Although recombination is essential to the successful completion of human meiosis, it remains unclear how tightly the process is regulated and over what scale. To assess the nature and stringency of constraints on human recombination, we examined crossover patterns in transmissions to viable, non-trisomic offspring, using dense genotyping data collected in a large set of pedigrees. Our analysis supports a requirement for one chiasma per chromosome rather than per arm to ensure proper disjunction, with additional chiasmata occurring in proportion to physical length. The requirement is not absolute, however, as chromosome 21 seems to be frequently transmitted properly in the absence of a chiasma in females, a finding that raises the possibility of a back-up mechanism aiding in its correct segregation. We also found a set of double crossovers in surprisingly close proximity, as expected from a second pathway that is not subject to crossover interference. These findings point to multiple mechanisms that shape the distribution of crossovers, influencing proper disjunction in humans.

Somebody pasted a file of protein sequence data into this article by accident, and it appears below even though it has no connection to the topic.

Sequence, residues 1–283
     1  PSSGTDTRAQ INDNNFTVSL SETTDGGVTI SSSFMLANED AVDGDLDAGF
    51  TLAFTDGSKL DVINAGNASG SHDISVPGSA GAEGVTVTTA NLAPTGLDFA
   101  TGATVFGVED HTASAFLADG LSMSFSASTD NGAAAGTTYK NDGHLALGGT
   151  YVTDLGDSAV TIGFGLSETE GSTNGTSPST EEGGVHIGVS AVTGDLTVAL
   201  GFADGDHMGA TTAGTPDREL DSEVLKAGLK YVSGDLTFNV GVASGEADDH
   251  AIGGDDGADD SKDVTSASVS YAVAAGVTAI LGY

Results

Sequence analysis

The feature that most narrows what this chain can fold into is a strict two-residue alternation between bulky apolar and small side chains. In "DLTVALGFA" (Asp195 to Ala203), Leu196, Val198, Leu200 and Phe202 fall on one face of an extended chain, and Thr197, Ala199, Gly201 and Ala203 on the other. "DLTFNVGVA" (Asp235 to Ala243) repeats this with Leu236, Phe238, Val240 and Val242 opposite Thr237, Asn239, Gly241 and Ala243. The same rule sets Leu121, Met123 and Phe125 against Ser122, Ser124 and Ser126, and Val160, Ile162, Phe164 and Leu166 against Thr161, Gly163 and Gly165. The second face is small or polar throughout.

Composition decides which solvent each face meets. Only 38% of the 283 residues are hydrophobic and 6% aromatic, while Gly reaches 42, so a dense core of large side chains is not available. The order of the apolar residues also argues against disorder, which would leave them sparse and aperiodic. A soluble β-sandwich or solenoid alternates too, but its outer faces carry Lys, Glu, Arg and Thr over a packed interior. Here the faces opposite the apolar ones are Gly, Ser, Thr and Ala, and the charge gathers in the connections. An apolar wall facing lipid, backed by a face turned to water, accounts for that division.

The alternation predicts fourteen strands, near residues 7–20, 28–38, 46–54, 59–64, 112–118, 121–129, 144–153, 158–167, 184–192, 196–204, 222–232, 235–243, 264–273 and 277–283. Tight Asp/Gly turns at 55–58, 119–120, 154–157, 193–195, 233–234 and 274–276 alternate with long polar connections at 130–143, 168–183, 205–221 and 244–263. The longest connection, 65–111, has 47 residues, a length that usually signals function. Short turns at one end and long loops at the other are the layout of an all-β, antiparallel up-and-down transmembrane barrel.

Original publication

DOI

10.1371/journal.pgen.1000658

Type

Journal article

Journal

PLoS genetics

Publication Date

18/09/2009

Volume

5

Addresses

Department of Human Genetics, University of Chicago, Chicago, Illinois, United States of America.

Keywords

Chromosomes, Human, Pair 21, Humans, Chromosome Segregation, Recombination, Genetic, Crossing Over, Genetic, Female, Male